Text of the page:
Within minutes, Wafer walked out of a side door, arms held out to his sides, and told police that he was the shooter. Not long afterward, Wafer also signed a document allowing police to search his home.
Working on the porch just outside, an emergency medical crew told police that McBride could not be revived.
Several hours before the shooting incident, McBride had been involved in a car accident and, seemingly disoriented and injured, wandered away from the scene twice before approaching Wafer’s home six blocks from the car crash scene, the Detroit Free Press has reported. An autopsy released earlier this week revealed that McBride had traces of marijuana in her system at the time of her death and enough alcohol in her body to place her two times above Michigan's legal limit for drivers.
It’s unclear if Wafer suspected that McBride was intoxicated.
In a Friday press conference Kym Worthy, the county prosecutor, explained the reason that she had decided to prosecute Wafer (click here to watch video of the press conference). Wafer’s self-defense claims did not comport with Michigan law, she said.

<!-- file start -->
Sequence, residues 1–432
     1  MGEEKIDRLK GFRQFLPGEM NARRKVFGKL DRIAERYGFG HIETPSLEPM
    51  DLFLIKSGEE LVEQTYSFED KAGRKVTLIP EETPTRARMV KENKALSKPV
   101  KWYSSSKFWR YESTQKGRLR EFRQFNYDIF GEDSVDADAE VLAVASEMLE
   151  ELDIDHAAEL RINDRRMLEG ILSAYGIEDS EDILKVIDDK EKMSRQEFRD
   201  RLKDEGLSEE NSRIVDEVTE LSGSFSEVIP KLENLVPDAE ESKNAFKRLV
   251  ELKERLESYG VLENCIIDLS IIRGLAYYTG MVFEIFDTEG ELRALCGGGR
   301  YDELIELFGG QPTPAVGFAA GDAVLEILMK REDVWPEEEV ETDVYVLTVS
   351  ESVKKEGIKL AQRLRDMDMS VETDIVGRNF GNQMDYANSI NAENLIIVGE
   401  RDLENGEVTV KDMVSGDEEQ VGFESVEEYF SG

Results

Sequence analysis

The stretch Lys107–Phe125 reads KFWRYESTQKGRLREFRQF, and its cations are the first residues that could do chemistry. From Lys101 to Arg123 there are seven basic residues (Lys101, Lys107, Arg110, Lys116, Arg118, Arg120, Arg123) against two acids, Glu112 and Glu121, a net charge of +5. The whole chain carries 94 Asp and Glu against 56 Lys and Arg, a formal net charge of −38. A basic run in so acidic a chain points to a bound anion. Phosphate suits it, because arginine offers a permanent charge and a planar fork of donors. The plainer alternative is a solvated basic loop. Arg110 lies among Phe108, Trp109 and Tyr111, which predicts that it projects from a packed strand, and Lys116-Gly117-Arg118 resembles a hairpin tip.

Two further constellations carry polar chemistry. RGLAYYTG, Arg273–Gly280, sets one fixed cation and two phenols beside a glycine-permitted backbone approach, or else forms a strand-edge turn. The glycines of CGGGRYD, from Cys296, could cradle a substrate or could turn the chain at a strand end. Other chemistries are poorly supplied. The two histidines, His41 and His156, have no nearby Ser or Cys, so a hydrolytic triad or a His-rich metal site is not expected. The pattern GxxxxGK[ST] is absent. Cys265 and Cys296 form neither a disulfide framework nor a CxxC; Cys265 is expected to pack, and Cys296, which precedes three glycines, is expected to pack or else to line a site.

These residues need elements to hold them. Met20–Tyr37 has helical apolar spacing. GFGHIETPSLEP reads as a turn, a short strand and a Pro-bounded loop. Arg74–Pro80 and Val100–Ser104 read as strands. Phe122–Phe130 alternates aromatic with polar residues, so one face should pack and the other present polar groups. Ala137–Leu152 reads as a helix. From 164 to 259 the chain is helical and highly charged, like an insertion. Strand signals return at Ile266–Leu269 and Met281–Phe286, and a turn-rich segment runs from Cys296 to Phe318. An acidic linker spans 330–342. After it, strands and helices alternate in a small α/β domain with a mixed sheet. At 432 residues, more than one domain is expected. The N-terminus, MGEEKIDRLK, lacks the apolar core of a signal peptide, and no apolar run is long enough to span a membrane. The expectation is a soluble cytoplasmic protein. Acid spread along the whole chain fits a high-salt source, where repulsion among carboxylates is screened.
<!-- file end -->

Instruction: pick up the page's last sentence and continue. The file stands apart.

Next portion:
When police arrived, according to Worthy, the screen door that separated Wafer and McBride was closed and locked. There was no sign of a struggle.
Wafer’s next court appearance has been scheduled for Dec. 18.
Janell Ross is a reporter in New York who covers political and economic issues. She is working on a book about race, economic inequality and the recession, due to be published by Beacon Press next year. Follow her on Twitter.